Targa Tasmania 2015

One of the most renowned events in Tassie is Targa Tasmania, a race that's been running for more than 20 years. It's just one branch of the Australian Targa Championship, a motorsport competition that also takes place in Adelaide, High Country and Wrest Point.

It takes its name from the Targa Florio; however, the race was designed to combine all the best features of the Coupe des Alpes, Tour de Corse and Mille Miglia as well as the Targa Florio. The Tasmania instalment is the last of the four rounds of the larger tournament, and the winner takes home the coveted Australian Targa Championship title. 


You don't have to be a race car driver to take part in the excitement - spectators are welcome to come and cheer on their favourite competitors and celebrate with other fans as the winner crosses the finish line. In 2015, the event takes place April 27 through May 2 on an extensive course that spans the entire island. Prepare yourself for an exhilarating experience by learning about the highlights of the event:


The Course

The Targa Tasmania course, known as the Ultimate Tarmac Rally, winds and weaves its way all around the island. Some 300 cars travel more than 2,000 kilometres on closed roads. The six-day event is made up of several parts. Throughout the six legs and 40 stages of the race, drivers will pass through dozens of cities, including Oldina, Murchison, Roseberry,Tarraleah, Mount Black, Longford, Moorina, Strahan and Queenstown.


The Format

Thousands of drivers enter for the chance to compete in Targa Tasmania, but only 300 actually make the cut. The race is divided into several categories depending on the type of car that each driver uses. The Vintage Rallye is exclusive to the Tasmania instalment of the Targa competitions, and it's intended for vehicles made before 1947. Cars in this division are also sectioned off into classes according to their modification levels and engine capacities.


The Regularity category is made for cars manufactured in the 20th and 21st centuries, while the Rookie Rallye (which is also exclusive to Tasmania) is designed specifically for people who have never competed in a Targa race. There's also a showroom category as well as showroom sports and 4WD. Other divisions include Modern, Classic Florio, Modern Muscle Car and Early Modern as well as Early Classic and Late Classic handicaps.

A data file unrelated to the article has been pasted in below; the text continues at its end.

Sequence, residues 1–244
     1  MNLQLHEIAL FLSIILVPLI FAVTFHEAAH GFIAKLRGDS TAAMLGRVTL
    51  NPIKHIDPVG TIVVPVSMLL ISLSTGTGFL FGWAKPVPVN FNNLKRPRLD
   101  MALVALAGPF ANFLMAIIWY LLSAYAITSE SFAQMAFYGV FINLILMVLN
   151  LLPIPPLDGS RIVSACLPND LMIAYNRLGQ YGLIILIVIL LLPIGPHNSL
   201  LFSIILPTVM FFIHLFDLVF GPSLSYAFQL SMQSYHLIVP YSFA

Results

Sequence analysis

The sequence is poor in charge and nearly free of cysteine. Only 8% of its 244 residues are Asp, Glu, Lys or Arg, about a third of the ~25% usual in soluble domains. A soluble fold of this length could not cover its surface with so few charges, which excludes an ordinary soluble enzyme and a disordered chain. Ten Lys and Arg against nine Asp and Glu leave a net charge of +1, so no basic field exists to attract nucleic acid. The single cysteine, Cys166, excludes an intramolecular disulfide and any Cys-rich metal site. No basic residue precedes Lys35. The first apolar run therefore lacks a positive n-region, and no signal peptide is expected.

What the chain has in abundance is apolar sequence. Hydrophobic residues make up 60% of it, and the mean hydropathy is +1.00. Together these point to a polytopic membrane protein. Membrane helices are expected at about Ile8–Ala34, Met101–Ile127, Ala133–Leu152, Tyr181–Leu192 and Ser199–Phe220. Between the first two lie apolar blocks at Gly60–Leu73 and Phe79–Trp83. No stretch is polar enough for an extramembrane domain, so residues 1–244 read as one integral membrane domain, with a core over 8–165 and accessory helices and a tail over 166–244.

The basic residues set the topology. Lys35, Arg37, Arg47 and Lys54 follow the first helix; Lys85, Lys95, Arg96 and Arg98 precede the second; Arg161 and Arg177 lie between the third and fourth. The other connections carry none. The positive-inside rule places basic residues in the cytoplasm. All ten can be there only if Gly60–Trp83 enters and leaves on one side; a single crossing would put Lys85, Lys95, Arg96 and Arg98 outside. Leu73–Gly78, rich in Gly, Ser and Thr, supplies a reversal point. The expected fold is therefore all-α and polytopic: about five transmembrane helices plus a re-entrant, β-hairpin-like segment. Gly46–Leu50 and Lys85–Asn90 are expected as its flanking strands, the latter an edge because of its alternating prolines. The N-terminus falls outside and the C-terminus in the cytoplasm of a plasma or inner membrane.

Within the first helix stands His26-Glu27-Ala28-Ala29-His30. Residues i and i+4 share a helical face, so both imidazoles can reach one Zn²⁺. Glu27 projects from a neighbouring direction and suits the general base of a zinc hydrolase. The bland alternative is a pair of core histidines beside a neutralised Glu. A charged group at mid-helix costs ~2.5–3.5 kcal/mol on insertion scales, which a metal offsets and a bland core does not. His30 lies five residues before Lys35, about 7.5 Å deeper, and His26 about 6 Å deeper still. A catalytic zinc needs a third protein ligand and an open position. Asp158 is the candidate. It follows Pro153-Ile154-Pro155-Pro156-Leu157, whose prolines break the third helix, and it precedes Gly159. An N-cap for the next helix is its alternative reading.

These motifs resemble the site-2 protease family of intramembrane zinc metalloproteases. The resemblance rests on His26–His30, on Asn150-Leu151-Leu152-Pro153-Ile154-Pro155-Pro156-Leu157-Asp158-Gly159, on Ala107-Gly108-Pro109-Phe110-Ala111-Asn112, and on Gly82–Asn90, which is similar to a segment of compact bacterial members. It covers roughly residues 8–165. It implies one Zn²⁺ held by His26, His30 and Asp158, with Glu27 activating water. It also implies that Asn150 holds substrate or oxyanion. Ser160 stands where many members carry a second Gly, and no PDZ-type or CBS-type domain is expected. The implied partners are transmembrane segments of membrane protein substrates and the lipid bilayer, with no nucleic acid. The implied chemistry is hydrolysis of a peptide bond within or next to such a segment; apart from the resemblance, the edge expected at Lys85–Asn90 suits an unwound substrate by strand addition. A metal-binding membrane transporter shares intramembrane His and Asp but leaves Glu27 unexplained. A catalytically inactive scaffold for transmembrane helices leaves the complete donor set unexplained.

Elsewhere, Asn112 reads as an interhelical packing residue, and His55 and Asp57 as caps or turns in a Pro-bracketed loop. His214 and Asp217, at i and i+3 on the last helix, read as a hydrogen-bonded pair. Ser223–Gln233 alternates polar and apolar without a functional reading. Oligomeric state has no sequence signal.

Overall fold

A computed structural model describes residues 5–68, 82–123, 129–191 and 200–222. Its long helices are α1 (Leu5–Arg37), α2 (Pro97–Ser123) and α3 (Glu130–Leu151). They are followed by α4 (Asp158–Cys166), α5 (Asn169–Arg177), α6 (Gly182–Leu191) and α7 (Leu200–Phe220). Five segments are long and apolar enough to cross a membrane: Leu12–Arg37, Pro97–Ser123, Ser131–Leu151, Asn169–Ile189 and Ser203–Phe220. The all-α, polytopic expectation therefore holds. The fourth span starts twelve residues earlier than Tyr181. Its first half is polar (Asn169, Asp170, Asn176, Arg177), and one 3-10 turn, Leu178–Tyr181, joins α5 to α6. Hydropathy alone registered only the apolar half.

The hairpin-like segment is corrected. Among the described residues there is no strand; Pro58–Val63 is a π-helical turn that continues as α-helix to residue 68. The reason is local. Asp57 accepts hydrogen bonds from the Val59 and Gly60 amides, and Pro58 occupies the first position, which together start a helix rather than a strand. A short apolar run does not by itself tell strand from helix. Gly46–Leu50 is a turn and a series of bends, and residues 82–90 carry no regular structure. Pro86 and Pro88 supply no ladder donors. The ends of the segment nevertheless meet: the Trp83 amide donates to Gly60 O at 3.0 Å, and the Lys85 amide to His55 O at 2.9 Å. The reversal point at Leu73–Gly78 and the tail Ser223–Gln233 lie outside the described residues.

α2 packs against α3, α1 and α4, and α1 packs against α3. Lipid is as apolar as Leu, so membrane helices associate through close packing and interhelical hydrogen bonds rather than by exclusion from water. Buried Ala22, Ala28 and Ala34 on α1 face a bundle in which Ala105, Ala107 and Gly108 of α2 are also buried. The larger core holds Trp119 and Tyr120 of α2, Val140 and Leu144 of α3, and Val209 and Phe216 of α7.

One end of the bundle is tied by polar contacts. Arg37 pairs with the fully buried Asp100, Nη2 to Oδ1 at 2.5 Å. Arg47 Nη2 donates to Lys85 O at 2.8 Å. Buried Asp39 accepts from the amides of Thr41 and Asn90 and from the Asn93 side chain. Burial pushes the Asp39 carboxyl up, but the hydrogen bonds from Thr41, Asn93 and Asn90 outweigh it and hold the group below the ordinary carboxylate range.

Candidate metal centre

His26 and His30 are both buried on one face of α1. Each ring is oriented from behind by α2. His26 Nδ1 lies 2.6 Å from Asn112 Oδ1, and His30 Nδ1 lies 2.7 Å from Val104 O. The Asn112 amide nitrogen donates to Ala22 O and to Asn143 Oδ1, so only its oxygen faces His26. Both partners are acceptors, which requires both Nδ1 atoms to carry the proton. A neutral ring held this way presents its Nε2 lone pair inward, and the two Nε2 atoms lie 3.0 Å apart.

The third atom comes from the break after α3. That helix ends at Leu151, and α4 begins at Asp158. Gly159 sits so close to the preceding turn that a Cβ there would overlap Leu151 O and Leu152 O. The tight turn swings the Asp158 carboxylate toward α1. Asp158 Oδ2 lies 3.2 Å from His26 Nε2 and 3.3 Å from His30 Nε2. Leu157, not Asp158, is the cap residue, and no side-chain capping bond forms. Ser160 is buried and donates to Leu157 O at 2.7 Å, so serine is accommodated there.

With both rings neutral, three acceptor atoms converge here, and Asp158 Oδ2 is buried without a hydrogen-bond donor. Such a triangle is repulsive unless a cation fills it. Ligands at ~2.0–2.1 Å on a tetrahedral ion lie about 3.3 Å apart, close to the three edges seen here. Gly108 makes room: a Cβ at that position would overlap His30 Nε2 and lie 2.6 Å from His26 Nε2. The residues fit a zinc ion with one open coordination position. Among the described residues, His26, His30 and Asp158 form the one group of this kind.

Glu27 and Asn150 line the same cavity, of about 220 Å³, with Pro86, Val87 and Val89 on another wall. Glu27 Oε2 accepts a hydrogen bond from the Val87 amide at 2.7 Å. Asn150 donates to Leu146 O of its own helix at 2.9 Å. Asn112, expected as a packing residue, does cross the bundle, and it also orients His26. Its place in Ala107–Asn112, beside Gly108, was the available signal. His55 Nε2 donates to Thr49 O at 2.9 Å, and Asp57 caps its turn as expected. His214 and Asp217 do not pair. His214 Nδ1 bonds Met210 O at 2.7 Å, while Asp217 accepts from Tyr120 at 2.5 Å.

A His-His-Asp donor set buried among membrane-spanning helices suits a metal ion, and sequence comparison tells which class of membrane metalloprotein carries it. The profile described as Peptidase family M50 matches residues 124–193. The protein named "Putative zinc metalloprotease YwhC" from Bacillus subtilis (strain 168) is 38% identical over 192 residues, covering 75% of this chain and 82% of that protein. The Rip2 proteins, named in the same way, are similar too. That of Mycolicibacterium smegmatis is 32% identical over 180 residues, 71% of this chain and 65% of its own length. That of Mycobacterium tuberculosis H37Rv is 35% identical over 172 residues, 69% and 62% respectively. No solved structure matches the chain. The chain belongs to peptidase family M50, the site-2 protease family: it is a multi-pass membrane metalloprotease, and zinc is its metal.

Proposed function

The Winners

Each driver who completes the race is awarded a finisher's medallion; however, competitors who complete all of the stages within a pre-set time limit will also get a special Targa plate. Once a winner receives thee plates in three consecutive years, he or she takes home a golden Targa trophy. Three more and the racer receives a platinum trophy, while someone who wins nine years in three consecutive periods wins a diamond trophy.


The greatest achievement one can get is the Hall of Fame Legend status, which requires five sets of three plates. Seven people hold Legend status: Reg Kenny Robert Edwards, Barry Oliver, Jim Richards, Glenn Ridge, Neville Smith and Greg Cook, though dozens more racers are also recognised in the Hall of Fame.


What Else to do in Tasmania

As you follow the follow the course and make your way through Tasmania, you may find yourself with down time that you can use to explore the island. It's a small destination by both population and size, but there's plenty to keep you intrigued and entertained. The waterfront serves as the hot spot for locals and tourists alike - people gather here to swim, fish, soak up some sun and grab a bite to eat at one of the many restaurants lining the coast. For a more intense experience with nature, stop by Mount Field National Park, which attracts people with its gorgeous setting full of majestic mountains, tranquil lakes and rushing waterfalls as well as dense rainforest and thriving wildlife.


While you're in Tasmania, take some time to discover the rich history of the area. Port Arthur Historic Site, for example, is an old convict site where you can stroll through more than 30 buildings to see restored homes and ruins while learning about the role this penal settlement had on the island's heritage. After that, head to Hobart for a visit to Salamanca Place, a row of sandstone warehouses that let you feel like you're stepping back in time to the colonial era. Other sites worth stopping by include the Moorilla Estate in Berriedale, Maria Island National Park just east of Orford and Cataract Gorge in Launceston.


*Banner Image from Tom Reynolds

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